Monday, October 23, 2017

What I'm Glad I Learned about Writing

1) No choice is a strong choice.

One of the more common factors in two-dimensional dialogue is when the character doesn’t have a lot of opinions. In most cases, making strong, active decisions about what the character thinks of things tends to be more interesting. It’s not just a cup of coffee, he gets only the best beans, and people who add cream are monsters!

Sometimes people want to be more realistic: He’s just ordering a cup of coffee to wake up.

Which is a valid, though restrictive, choice, but even if his opinion isn’t a big one doesn’t mean he isn’t experiencing subtle little judgments throughout the day. Everyone has at least fleeting opinions on most things in their life, and though he has “no problem” with Starbucks, if two coffee shops are standing right next to each other, equal distance away, he’s going to either choose Starbucks or intentionally not, and he’s going to have a reason, even if he can’t verbalize it. Likes the vibe of Ma and Pa shops, he shrugs.

When your character is doing a perfunctory daily activity with a person he doesn’t know, that interaction made him feel something. Is it a chore? Does he like talking to people? Is he made uncomfortable by strangers? If you decide it is so common that he’s removed from the situation (not mentally present in the room) that’s a reasonable choice too, but it is a strong one that needs to read in his character.

This applies to everything. An “absence of style” is a style, not the default, not the norm that will work for everyone. An absence of opinions is a distinctive personality trait. A non-existing prior relationship will highly alter the interaction. Humanity is created by complexity, and absence of something will not go unnoticed.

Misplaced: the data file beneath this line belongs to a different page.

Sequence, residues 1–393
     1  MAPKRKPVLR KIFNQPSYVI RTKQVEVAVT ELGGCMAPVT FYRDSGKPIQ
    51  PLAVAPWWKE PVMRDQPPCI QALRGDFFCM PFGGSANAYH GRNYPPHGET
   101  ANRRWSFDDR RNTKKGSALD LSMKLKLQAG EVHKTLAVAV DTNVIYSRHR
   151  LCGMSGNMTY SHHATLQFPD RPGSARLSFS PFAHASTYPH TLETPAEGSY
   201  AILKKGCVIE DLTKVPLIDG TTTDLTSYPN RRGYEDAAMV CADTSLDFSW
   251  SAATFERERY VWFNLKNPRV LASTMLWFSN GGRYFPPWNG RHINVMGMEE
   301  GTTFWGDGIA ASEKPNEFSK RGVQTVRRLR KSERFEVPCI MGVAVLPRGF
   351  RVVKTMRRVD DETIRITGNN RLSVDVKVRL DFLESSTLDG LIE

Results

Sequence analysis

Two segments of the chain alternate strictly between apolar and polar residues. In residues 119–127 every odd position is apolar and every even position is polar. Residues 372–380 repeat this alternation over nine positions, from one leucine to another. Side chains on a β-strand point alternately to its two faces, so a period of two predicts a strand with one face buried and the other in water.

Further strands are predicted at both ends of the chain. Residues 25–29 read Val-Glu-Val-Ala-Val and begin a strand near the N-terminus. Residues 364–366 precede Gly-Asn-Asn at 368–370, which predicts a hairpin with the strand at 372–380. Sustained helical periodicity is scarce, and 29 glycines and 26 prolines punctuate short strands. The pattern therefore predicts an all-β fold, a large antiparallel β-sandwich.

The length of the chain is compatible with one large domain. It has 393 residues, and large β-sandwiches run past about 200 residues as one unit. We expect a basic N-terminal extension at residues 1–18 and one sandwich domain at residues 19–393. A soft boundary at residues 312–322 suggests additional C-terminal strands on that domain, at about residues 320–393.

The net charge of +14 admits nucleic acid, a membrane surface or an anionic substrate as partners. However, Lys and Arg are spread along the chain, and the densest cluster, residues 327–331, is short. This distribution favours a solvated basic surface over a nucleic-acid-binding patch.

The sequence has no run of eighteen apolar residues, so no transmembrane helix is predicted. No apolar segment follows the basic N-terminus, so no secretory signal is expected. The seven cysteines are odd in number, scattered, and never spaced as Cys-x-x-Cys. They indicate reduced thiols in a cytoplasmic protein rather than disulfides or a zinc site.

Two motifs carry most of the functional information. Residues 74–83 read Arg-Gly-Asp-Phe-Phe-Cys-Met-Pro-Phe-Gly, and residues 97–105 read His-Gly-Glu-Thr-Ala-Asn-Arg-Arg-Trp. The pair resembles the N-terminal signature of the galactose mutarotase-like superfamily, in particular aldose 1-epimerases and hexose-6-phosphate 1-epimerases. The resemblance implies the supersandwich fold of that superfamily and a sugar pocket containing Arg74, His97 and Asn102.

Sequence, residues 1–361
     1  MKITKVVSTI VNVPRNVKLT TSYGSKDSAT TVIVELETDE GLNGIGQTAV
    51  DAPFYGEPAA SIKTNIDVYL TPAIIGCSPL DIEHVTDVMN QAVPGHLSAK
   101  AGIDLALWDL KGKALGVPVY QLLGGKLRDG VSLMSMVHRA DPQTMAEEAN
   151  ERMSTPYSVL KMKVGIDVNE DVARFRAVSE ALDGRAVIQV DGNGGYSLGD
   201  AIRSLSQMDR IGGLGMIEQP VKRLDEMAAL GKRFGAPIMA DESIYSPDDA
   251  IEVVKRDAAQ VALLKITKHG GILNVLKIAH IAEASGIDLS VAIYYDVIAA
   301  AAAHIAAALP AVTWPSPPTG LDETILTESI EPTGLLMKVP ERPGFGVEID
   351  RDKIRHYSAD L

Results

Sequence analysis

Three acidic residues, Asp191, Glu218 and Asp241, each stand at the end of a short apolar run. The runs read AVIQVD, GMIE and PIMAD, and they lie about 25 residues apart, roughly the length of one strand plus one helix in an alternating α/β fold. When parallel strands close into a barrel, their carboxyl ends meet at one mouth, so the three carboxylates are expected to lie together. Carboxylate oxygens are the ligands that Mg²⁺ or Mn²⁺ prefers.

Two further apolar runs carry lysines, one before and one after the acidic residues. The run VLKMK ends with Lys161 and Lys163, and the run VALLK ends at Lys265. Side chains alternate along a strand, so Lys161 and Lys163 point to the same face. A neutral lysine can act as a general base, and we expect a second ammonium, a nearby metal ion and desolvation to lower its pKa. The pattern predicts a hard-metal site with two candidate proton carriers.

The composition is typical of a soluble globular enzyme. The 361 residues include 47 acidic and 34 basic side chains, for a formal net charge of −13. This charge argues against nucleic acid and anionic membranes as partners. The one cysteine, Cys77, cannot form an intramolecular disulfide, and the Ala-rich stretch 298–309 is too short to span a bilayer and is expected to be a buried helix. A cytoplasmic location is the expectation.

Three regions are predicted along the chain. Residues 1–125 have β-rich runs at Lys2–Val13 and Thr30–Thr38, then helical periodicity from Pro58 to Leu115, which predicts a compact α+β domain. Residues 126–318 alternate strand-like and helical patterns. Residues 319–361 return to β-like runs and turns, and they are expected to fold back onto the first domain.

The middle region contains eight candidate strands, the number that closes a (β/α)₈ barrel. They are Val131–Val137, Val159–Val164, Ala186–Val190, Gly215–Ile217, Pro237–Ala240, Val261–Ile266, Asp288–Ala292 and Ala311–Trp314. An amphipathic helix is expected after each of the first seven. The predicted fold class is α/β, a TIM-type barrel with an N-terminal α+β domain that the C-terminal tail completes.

Most decent writing needs to make stronger choices in order to achieve that intangible mojo of great works, so if you’re going to defend passivity, do so with vigor and creativity. Your character is not just not something. He is REALLY not something.

2) Subjectivity is a real thing, and it’s a pain in your ass.

The word subjectivity is thrown out there as sort of an excuse to not listen to other people. “Writing’s subjective. Leave it as is.”

It’s actually more of a problem than most authors realize when we first start. Most people tend to assume their tastes are universal, and it can be an obstacle. At one point, I struggled with drastically conflicting opinions from a myriad of readers. When I tried to dig deeper for their perspective, my critique partners thought I was saying they were wrong and shut down or got angry when I asked questions like, “Do you mean…”

Because most people don’t think you’ve gotten other feedback, and if you had, those critique partners would agree, right?

The more you write, the more you’ll find that subjectivity is real. People simply don’t have the same tastes, goals, pet peeves, or life experiences and so your stories will affect them differently.